Tuesday, 16 August 2011

Pan-fried Salmon with Sorrel Sauce

My veg patch is looking a bit sorry for itself at the moment: the peas and broad beans have all been picked, the chilli plants looking a bit sparse due to the lack of actual summer and the beetroot has bolted quite spectacularly (“boltardy” indeed). The sorrel on the other hand is looking incredibly healthy and clearly ripe for a bit of harvesting.

Dark green with leaves resembling a cross between a dock leaf and spinach, it is a perennial herb with a lemony tanginess which comes from a high oxalic acid content. This acidity makes it an excellent companion to oily fish.

The following recipe is adapted from one found in Raymond Blanc’s
online recipe archive.

Salmon with creamy sorrel sauce
Serves 2

10g unsalted butter
2 salmon fillets (try and get wild or organic sustainable salmon such as these), about 130g each
1 pinch salt
1 pinch freshly ground pepper
¼ lemon
Sorrel sauce
5 spring onions, finely chopped
50ml dry white wine
75g sorrel, stalks discarded and leaves roughly torn
50ml creme fraiche
¼ lemon
3 small tomatoes, deseeded and finely diced
pinch salt
pinch freshly ground white pepper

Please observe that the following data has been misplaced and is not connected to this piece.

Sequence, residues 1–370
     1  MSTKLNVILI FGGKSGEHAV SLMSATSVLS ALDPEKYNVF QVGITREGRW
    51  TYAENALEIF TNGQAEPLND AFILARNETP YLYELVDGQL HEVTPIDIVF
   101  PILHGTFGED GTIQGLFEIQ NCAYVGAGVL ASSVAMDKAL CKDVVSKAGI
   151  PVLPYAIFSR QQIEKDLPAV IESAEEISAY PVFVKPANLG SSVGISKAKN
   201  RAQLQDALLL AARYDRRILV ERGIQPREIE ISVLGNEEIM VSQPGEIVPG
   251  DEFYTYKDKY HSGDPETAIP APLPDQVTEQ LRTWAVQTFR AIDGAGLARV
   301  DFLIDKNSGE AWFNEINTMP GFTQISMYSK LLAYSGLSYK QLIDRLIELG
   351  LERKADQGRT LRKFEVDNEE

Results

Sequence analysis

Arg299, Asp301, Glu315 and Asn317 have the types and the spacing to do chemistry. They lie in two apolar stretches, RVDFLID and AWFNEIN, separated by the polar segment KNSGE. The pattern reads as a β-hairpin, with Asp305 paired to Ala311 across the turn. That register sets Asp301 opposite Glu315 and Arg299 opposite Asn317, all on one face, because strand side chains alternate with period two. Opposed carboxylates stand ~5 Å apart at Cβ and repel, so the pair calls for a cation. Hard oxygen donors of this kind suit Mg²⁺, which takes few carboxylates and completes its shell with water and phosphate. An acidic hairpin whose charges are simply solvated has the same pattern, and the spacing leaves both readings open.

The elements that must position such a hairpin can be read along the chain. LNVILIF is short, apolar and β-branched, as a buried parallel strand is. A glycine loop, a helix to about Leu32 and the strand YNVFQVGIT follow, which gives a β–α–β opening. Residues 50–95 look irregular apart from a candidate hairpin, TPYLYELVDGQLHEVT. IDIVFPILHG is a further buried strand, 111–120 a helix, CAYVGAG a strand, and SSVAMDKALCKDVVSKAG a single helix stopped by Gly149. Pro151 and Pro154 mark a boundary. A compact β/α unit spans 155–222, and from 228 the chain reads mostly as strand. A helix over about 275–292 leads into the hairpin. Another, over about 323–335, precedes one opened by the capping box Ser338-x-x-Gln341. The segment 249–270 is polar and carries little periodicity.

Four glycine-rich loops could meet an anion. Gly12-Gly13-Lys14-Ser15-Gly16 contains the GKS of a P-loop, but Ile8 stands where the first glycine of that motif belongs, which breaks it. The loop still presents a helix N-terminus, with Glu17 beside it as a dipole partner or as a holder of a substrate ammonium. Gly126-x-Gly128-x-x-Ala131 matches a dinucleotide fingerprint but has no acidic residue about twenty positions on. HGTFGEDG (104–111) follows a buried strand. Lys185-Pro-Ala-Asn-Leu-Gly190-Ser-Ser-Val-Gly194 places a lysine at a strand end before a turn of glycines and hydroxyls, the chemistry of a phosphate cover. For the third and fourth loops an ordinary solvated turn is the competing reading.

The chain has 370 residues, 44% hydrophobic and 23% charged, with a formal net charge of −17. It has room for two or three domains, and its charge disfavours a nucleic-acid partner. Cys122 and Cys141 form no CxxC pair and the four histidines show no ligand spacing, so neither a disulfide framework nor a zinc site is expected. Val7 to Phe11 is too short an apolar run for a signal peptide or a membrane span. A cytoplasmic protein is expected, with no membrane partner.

On a high heat, cook down the spring onions with the white wine for about 1 minute.

Add the sorrel, creme fraiche, seasoning and the juice from the quarter lemon. Bring to the boil, stirring and cook for a further minute or so until the sauce has thickened a little. The sorrel will probably turn from a rich green to a sludgy brown green but this is normal.

Add the diced tomatoes then set the sauce aside while you cook the salmon.

Season the salmon fillets on both sides with salt and pepper. On medium heat melt the butter until it is foaming then add the salmon fillets, skinside first and pan fry for 3 minutes before turning and cooking for a further 3 minutes. The cooking time will of course depend on the thickness of the fillets.

Turn off the heat and squeeze a little lemon juice over each fillet.

Reheat the sorrel sauce then divide between each plate, atop a mound of mash with the salmon arranged on top.

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